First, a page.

Almost half of Australians would consider changing banks if they became aware that the bank was behaving unethically, according to a new Oxfam Australia survey.
The national survey, which examined attitudes of 1000 Australians towards Australian banks and ethical investment, revealed 75 per cent of respondents don’t think that banks should provide loans to companies behaving in an unethical way.
The findings come as an Oxfam Australia report released today reveals the savings of ordinary Australians continue to be used by the nation’s four largest banks to back companies connected to land grabs that are forcing people off their land with little or no compensation.
Oxfam Australia’s Chief Executive Dr Helen Szoke said the 61 page report, Still banking on land grabs, provided new evidence that the ANZ, Commonwealth Bank, National Australia Bank and Westpac were connected to companies in Cambodia, Brazil and Indonesia that had been involved in illegal logging, forced evictions, inadequate compensation, food shortages and child labour.
“What is clear from our investigations is that, despite the big four banks claiming they’ve addressed the issue, no bank has done enough – the land grabs that we exposed two years ago continue to have devastating impacts on the lives of vulnerable people,” Dr Szoke said.
“Investments that involve land grabs are breaking up communities, increasing homelessness and hunger and dramatically reducing living standards.
“Our research shows Australians care about how their money is invested. If most people knew that their money could be used to back companies that take land and homes away from people in some of the world’s poorest countries, they’d be shocked.”
Dr Szoke said everyday Australians were realising they had the power to demand that banks finance responsibly.
“Since Oxfam’s first report in 2014, more than 18,000 people have written to their bank and 20,000 have signed the petition to call for a Zero Tolerance for Land Grabs approach,” Dr Szoke said.
“Australians hold a huge, and very direct, stake in the financial sector’s choices in how it uses our money — at home and overseas. Eighty cents out of every dollar that Australians have in their household bank accounts is with the big four banks.”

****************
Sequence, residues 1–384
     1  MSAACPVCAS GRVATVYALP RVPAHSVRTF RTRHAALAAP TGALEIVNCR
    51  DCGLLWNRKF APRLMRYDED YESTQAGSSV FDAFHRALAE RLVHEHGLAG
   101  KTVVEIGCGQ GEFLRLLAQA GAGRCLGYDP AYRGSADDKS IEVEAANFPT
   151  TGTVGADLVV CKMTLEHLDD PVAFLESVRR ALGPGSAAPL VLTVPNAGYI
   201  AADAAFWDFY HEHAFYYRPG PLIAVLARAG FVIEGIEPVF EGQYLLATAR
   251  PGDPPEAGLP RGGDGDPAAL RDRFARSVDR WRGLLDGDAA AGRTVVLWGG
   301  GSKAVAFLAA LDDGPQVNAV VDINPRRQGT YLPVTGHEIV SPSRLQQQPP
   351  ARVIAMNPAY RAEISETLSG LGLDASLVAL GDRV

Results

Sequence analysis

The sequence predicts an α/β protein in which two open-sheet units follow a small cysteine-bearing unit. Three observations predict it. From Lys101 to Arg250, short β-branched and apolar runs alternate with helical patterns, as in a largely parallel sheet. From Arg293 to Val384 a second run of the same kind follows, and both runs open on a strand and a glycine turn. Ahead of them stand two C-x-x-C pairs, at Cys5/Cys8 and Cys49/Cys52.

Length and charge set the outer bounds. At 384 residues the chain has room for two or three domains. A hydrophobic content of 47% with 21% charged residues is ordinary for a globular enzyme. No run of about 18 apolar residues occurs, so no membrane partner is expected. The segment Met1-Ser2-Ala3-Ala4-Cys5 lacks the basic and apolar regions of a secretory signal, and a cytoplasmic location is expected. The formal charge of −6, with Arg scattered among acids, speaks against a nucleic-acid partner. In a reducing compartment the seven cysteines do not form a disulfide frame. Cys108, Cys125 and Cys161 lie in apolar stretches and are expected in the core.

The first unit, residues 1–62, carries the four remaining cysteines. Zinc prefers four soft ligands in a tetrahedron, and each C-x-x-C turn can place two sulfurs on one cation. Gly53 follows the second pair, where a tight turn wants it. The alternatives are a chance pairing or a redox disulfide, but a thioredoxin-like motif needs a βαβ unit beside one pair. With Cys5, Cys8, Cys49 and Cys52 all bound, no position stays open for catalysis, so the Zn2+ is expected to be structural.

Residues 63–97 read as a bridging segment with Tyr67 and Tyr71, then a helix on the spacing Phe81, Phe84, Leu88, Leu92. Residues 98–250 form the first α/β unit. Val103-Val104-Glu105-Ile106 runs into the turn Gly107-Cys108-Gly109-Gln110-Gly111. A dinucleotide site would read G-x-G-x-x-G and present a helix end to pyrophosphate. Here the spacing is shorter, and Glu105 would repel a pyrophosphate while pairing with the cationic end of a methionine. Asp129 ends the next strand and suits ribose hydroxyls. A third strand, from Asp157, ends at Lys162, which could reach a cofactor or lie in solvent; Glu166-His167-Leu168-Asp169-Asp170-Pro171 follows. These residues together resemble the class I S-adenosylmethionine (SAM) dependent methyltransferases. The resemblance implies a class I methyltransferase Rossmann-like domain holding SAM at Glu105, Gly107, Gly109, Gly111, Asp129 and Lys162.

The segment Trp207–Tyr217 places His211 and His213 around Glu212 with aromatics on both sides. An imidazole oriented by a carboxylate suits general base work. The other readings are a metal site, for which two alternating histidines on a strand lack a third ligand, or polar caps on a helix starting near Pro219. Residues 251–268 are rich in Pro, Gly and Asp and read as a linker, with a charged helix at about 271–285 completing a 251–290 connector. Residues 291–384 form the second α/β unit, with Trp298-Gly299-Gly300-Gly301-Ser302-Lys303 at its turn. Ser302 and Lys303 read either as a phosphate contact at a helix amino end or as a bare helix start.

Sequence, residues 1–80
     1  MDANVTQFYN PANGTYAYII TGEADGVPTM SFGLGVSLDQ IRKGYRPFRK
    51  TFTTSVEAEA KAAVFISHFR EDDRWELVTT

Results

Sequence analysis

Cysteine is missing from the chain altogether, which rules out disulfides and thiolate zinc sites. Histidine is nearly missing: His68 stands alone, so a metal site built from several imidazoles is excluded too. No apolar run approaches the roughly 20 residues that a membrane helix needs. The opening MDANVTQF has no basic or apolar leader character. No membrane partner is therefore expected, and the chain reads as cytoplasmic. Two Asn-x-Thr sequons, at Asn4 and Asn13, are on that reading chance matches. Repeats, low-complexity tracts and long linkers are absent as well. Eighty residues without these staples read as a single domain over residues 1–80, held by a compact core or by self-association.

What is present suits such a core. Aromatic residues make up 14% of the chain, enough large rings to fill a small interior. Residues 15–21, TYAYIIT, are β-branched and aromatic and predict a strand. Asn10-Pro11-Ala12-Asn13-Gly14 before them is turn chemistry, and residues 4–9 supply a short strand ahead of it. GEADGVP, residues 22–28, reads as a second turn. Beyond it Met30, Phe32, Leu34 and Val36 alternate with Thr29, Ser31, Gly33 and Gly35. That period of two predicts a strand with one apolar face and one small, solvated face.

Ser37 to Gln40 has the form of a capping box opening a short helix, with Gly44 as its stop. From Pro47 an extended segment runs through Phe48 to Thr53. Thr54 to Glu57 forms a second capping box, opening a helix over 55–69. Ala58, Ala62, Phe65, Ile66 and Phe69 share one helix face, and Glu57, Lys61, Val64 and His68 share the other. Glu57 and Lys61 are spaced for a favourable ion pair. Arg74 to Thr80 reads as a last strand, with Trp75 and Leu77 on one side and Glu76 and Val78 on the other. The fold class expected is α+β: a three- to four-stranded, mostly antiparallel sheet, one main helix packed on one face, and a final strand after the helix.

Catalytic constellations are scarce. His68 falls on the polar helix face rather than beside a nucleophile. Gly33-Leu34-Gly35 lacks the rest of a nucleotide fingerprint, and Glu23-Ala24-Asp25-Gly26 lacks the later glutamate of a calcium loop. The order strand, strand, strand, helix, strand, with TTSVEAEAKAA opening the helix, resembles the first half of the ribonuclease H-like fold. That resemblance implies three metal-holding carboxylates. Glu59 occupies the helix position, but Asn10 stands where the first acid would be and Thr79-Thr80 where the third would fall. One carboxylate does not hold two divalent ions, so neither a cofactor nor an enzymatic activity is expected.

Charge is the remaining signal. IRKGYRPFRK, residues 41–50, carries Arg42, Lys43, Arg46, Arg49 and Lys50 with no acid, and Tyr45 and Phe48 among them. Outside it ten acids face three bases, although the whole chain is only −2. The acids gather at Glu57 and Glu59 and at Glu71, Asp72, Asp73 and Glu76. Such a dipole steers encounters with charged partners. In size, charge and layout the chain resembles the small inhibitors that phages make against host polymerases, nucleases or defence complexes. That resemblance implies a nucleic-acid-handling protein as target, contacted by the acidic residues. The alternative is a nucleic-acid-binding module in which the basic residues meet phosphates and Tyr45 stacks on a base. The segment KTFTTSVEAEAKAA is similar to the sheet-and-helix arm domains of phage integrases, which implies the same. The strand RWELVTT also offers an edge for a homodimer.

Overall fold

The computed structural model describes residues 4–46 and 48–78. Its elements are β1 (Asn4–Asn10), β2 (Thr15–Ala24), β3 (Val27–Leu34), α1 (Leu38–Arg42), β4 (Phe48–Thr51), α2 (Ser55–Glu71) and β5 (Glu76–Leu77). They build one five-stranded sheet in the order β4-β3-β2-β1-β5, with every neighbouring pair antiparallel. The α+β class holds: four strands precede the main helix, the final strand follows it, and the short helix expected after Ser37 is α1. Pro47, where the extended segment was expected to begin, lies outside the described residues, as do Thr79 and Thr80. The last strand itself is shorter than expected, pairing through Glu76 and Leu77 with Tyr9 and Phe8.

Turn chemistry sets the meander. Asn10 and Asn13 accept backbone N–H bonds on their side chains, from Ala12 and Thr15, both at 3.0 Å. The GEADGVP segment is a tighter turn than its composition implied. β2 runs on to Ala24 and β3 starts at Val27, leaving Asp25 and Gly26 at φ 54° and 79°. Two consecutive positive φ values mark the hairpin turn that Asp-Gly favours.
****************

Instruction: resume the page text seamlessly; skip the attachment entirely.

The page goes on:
Dr Szoke urged Australians to take action to ensure their bank takes responsibility for what happens in its operations, wherever they may be in the world – by signing Oxfam’s petition or broaching the issue of land grabs directly with their bank.
“We need banks to commit to Zero Tolerance for Land Grabs – this includes being transparent about their links to agriculture land deals, committing to increased due diligence, advocating responsible financing and supporting justice for affected communities,” she said.
Oxfam first raised the subject in 2014, in its report Banking on Shaky Ground – Australia’s big four banks and land grabs, but all four banks have failed to ensure the affected communities’ rights to food, shelter and a sustainable livelihood are restored.
New evidence reveals for the first time that all four banks have committed tens of millions of dollars in loan facilities to Cargill – even after its then subsidiary Black River Asset Management was revealed to have made a series of problematic land purchases in Colombia. From 2010-2012 the company used 36 separate shell companies to acquire a large area of land that had been set aside for small-scale farming in the highly impoverished region of Altillanura, preventing poor rural families from being able to improve their income and quality of life.
How have the big four banks responded?
Under pressure from increasingly concerned customers and investors, the big four banks have claimed progress towards respecting land rights in their operations. While NAB and Westpac appear to be taking their exposure to land grabbing as a serious risk to their businesses, each developing new policies on land-related issues, CBA and ANZ have done little. But no bank has adopted a Zero Tolerance to Land Grabs approach.
Ethical Investment survey results
- 80 per cent of Australians polled believe that banks that have investments that harm a community should provide some compensation to that community
- 47 per cent of Australians polled said that if they became aware that a bank was behaving unethically, it would strongly influence their decision about their choice of bank for future banking needs
- 75 per cent don’t think that banks should provide loans to companies behaving in an unethical way (such as forcing poor communities overseas off their land)
- 55 per cent of responders anticipated that they were going to need a mortgage or bank loan in the next 5-10 years
About the survey participants:
- 1002 nationally representative respondents aged 18+ across all Australian states. Responders were evenly divided between all age groups (25 to 65+) with almost 20% from each group, bar the 18-24 age group which made up 11 % of responders
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